In 2010, my co-authors and I published this paper in the Journal of Business and Psychology: Shanock, L. R., Baran, B. E., Gentry, W. A., Pattison, S. C., & Heggestad, E. D. 2010. Polynomial regression and response surface analysis: A powerful approach for examining moderation and overcoming limitations of difference scores. Journal of Business and Psychology, 25: 543-554.

IMPORTANT NOTE: We recently submitted a correction regarding a few technical details presented in the original article.

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Employee Motivation: Expectancy Theory

Expectancy theory is one of the most well-known theories of work motivation. It takes a rational approach toward human behavior, assuming that people make conscious decisions among alternatives. In this clip, I explain the basics of expectancy theory and some of the potential implications it has for managers. 

Coping with Animal Euthanasia: Strategies for Shelter Workers

Coping with Animal Euthanasia: Strategies for Shelter Workers

It’s the “American dream:” a nice house, white picket fence, two-car garage—and, of course—the family dog. Pets are an almost ubiquitous aspect of American culture. But pet overpopulation in the United States makes the euthanasia of more than 3 million dogs and cats every year a tragic necessity. And conducting animal euthanasia takes its toll on those charged with this gruesome responsibility.

In a special report published July 1 in the Journal of the American Veterinary Medical Association, my coauthors and I tackled one part of the animal euthanasia issue. 

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SPSS Syntax 102: Recoding and Computing Variables, Calculating Descriptive Statistics

SPSS Syntax 102: Recoding and Computing Variables, Calculating Descriptive Statistics

Once you’ve set up your SPSS data file, created variable and value labels to aid in interpretation of future analyses, and cleaned the data as necessary, it might be time to recode and compute new variables. You may also want to calculate some basic descriptive statistics regarding key variables in your data set. All of these tasks are remarkably simple using SPSS syntax. As a reminder, this forum focuses on common analyses performed by researchers and practitioners within organizational behavior, industrial/organizational psychology, and human resource management. An in-depth explanation of everything SPSS syntax can possibly do is far beyond this forum’s scope. The focus here is on practical issues and no-nonsense knowhow to bolster your productivity.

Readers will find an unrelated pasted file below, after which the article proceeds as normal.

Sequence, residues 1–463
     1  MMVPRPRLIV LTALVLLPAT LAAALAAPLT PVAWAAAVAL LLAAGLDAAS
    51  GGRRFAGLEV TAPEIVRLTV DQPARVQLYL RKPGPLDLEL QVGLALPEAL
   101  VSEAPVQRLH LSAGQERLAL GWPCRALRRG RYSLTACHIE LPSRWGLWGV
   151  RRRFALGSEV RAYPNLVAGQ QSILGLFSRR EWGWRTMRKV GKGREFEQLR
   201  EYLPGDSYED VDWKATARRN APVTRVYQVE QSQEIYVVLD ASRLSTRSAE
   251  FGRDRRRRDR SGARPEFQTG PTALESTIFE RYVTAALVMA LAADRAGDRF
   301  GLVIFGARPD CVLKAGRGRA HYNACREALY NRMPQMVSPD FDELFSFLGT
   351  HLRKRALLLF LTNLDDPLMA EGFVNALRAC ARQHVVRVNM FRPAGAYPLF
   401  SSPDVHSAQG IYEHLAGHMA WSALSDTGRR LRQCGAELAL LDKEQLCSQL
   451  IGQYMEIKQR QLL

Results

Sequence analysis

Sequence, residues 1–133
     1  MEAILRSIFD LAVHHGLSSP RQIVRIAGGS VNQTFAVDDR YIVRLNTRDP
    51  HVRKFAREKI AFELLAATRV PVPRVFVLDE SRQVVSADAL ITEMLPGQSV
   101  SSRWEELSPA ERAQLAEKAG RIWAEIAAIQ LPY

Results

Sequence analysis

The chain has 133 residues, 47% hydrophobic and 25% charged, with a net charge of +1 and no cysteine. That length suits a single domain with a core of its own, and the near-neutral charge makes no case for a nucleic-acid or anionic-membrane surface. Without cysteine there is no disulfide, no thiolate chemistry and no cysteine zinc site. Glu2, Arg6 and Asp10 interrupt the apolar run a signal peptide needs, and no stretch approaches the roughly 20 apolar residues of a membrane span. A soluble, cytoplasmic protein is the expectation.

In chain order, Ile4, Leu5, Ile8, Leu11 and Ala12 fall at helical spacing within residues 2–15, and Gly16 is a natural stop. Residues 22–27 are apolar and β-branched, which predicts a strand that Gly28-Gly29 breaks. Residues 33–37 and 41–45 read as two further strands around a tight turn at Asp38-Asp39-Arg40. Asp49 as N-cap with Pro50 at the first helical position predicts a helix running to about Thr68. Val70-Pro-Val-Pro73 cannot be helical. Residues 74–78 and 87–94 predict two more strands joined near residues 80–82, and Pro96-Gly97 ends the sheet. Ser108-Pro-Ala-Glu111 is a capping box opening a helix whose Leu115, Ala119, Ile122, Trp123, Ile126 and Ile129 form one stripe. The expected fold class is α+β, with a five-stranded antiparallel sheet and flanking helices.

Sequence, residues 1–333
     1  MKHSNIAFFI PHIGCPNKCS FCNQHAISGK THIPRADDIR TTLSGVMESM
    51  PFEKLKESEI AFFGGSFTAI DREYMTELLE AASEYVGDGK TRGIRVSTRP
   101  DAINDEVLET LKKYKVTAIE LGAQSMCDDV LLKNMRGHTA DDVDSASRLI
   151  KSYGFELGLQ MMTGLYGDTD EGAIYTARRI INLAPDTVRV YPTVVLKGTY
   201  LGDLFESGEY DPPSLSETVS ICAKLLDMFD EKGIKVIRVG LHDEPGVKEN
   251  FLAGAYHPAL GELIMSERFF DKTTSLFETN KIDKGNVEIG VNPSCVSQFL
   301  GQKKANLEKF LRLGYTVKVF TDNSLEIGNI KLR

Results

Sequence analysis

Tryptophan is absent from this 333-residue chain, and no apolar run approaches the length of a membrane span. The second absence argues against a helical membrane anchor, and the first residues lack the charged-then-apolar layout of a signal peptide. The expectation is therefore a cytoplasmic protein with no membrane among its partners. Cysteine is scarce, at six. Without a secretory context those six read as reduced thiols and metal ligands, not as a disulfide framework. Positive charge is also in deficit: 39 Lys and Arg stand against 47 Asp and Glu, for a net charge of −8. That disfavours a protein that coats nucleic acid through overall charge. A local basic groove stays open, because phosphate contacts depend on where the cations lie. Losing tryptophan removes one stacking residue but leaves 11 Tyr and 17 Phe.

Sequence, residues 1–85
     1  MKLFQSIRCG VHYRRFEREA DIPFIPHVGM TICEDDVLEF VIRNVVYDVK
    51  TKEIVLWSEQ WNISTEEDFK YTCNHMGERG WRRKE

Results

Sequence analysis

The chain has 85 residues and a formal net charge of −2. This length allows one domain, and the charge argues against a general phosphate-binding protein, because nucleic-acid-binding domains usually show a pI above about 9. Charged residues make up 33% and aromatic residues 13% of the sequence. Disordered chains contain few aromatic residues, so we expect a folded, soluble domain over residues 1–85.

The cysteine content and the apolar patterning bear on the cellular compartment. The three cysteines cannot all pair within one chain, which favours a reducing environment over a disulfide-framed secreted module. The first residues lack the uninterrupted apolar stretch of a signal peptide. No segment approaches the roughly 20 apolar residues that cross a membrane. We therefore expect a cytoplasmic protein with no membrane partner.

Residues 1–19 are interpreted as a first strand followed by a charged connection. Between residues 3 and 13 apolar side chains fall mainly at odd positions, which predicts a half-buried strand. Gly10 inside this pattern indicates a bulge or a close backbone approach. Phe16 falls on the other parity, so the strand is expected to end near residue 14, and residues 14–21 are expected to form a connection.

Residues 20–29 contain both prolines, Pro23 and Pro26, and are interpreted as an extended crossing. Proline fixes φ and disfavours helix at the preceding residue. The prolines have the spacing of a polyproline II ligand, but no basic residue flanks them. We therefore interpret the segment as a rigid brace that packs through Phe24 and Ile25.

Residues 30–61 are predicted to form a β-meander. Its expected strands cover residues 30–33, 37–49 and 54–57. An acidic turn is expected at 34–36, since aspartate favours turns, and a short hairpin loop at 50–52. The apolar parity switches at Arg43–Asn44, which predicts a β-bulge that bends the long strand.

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Using Excel 2007 to Organize Research References

Using Excel 2007 to Organize Research References

After two years of work toward my Ph.D. in organizational science, I’ve conducted numerous literature searches and downloaded quite a few full-text PDFs of research articles—1,374 of them, to be precise. So it’s fortunate that very early in my graduate school experience, I figured out a way to organize all of those files in a manner that I can easily (a) locate, (b) search, (c) sort, and (d) modify. In this short article, I explain what I did and how it helps me stay organized. Then, I provide a downloadable Excel 2007 workbook that you can use in the same manner. To be fair, a number of software programs designed to catalog and store research references and citations exist. I tried to familiarize myself with EndNote, which seems to be a good program for this purpose. 

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SPSS Syntax 101: Basic Guidelines, Variable and Value Labels

SPSS Syntax 101: Basic Guidelines, Variable and Value Labels

Perhaps you’re now convinced that using SPSS syntax might save you some time in the long run. Maybe you even now know how to create a new syntax file. So what do you do with that file and how do you make it manage or analyze your data?

As a reminder, this forum focuses on common analyses performed by researchers and practitioners within organizational behavior, industrial/organizational psychology, and human resource management. An in-depth explanation of everything SPSS syntax can possibly do is far beyond this forum’s scope. The focus here is on practical issues and no-nonsense knowhow to bolster your productivity.

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SPSS Basics: Getting Started with Syntax

SPSS Basics: Getting Started with Syntax

Getting started is half the battle, especially when trying to learn a new software program or trying to accomplish a new task in a familiar one. In a previous post, I discussed some of the advantages of using syntax in SPSS instead of the software program's drop-down menus. As an astute reader commented, syntax can be very frustrating because it requires the user to follow its specifications very closely. That means that any misplaced characters or punctuation can prevent your program from running correctly, or from running at all. So is SPSS syntax worth learning for garden-variety social scientists studying organizational behavior, industrial and organizational psychology, and other related fields? 

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SPSS Basics: Why Syntax Beats Point and Click

SPSS Basics: Why Syntax Beats Point and Click

Consider yourself very, very lucky: It wasn't that long ago that researchers were calculating all of their statistics by hand, without the use of powerful statistical programs like SPSS, SAS, and Excel. But just because software running on powerful computers allows anyone to spit out statistics doesn't mean that you don't have to know what you're doing and to conduct your analysis in a meaningful way. Because, after all, the numbers that your software program of choice quickly hurls back at you after a few short commands is only as good as (a) the data itself and (b) what you told it to do in terms of analysis. It seems that different academic disciplines gravitate toward different software programs, and many researchers in industrial/organizational psychology, organizational behavior, and human resource management tend to use SPSS.